4th Circ. Revives Navy Surgery Wrongful Death Claims

    The Fourth Circuit on Tuesday reversed an order dismissing claims from the estate of a woman who died after an allegedly botched surgery at a Navy hospital, saying the trial court was wrong to conclude that Navy regulations for implementing Federal Tort Claims Act procedures created jurisdictional requirements beyond what the FTCA's text includes.

  • March 12, 2024

    GE Aerospace Plans $650M Manufacturing Investment

    GE Aerospace said Tuesday it plans to invest $650 million into its manufacturing facilities and supply chain this year to bolster support for its commercial and defense customers.

  • March 11, 2024

    Biden Calls For More Cybersecurity Funding Across Agencies

    The Biden administration on Monday pushed Congress to make significant monetary investments in efforts to bolster the federal government's cybersecurity posture, including by earmarking $13 billion to support initiatives across civilian agencies and devoting additional funding to help the U.S. Department of Health and Human Services combat a growing scourge of cyberattacks on healthcare providers. 

  • March 11, 2024

    DOD's $850B Budget Request For 2025 Prioritizes Readiness

    The White House on Monday proposed an $849.8 billion discretionary budget for the U.S. Department of Defense for fiscal year 2025, focusing heavily on supporting readiness programs over other priorities.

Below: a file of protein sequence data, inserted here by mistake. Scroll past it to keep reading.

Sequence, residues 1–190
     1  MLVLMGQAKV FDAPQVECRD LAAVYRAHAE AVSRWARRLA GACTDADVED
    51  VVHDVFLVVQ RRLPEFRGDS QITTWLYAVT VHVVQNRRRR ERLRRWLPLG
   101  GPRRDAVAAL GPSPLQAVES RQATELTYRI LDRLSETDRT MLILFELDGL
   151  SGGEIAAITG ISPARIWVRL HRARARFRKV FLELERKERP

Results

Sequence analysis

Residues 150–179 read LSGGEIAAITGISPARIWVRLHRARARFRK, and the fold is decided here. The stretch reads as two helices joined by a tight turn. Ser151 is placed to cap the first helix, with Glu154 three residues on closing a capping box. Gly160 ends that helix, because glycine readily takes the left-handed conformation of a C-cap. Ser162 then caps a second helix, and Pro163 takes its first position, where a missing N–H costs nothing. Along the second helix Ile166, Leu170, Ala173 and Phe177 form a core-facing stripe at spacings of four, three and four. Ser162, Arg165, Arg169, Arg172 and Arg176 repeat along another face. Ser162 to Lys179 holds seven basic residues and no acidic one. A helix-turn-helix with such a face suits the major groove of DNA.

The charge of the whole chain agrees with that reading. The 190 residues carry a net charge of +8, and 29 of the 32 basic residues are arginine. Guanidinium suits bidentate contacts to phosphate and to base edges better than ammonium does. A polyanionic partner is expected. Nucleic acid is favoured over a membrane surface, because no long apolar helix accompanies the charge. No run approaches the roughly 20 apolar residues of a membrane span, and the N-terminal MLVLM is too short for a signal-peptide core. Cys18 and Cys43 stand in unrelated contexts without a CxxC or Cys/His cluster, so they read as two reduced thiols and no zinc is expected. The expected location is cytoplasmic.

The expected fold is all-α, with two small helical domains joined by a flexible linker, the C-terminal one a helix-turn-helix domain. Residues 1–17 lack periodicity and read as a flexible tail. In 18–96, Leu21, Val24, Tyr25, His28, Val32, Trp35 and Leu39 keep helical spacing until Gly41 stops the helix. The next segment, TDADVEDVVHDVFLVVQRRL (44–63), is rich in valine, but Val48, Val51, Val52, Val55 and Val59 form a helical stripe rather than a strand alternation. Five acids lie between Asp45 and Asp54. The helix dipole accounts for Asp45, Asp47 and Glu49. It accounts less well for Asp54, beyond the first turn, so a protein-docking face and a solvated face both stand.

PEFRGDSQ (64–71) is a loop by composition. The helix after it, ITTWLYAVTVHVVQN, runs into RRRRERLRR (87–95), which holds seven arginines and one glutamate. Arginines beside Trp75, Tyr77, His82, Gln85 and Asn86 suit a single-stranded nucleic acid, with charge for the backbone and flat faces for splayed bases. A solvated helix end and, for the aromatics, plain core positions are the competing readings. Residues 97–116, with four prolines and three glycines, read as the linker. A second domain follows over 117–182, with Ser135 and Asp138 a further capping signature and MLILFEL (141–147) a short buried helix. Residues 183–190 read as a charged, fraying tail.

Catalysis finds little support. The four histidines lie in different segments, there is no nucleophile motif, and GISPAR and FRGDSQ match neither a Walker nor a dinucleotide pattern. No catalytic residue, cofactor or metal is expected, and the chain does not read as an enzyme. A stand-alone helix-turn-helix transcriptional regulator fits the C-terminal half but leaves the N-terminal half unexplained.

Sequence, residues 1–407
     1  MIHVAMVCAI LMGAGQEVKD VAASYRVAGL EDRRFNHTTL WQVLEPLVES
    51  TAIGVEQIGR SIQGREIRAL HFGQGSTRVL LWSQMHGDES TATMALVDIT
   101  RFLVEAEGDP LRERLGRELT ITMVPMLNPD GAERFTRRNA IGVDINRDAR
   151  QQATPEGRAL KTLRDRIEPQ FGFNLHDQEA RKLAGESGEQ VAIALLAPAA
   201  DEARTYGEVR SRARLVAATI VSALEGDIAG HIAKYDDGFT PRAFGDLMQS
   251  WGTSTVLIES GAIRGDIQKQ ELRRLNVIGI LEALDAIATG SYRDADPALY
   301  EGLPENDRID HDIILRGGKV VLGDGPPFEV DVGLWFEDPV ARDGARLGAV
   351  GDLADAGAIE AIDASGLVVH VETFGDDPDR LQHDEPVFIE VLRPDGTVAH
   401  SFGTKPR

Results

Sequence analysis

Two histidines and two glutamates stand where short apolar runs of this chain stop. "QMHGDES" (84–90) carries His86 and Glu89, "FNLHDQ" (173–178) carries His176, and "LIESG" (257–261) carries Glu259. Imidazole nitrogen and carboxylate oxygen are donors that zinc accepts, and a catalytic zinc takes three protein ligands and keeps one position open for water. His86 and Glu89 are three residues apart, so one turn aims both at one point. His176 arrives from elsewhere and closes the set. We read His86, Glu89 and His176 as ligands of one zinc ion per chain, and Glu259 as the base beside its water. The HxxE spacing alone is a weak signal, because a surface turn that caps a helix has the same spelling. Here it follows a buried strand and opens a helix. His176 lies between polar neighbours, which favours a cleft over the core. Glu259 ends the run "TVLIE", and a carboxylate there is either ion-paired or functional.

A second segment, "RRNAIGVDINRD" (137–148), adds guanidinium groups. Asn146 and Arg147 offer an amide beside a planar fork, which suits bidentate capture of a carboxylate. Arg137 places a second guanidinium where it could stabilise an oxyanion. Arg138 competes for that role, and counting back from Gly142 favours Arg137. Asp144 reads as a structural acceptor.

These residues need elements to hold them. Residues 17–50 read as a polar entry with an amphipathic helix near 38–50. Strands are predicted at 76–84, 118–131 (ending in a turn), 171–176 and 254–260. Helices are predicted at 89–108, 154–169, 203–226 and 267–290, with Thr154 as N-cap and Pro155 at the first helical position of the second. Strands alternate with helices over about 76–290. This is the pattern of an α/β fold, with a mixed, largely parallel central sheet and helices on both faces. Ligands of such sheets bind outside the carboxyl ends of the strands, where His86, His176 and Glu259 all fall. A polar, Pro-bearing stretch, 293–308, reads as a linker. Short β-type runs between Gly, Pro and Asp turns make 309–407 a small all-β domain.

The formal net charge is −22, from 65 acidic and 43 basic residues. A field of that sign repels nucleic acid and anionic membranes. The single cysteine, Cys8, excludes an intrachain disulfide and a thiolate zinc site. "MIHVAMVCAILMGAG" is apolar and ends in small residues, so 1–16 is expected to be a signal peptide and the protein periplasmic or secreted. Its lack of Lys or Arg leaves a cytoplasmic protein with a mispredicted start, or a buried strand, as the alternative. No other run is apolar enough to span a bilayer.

• March 11, 2024

    Senate Could Be Hurdle To House Plan For TikTok Limits

    A bill to clamp down on TikTok that was unanimously approved by a House committee is expected to come to the House floor this week, but its fate in the U.S. Senate looks dicier.

  • March 11, 2024

    DOD Expands Contractor Cybersecurity Info Sharing Program

    The U.S. Department of Defense on Monday finalized a rule revising the criteria for defense contractors to participate in a voluntary program for sharing information on cybersecurity threats among themselves, saying it expects to attract thousands of new participants.

  • March 11, 2024

    Magnet Co. Says Feds' Leak On PACER Bars ITAR Charges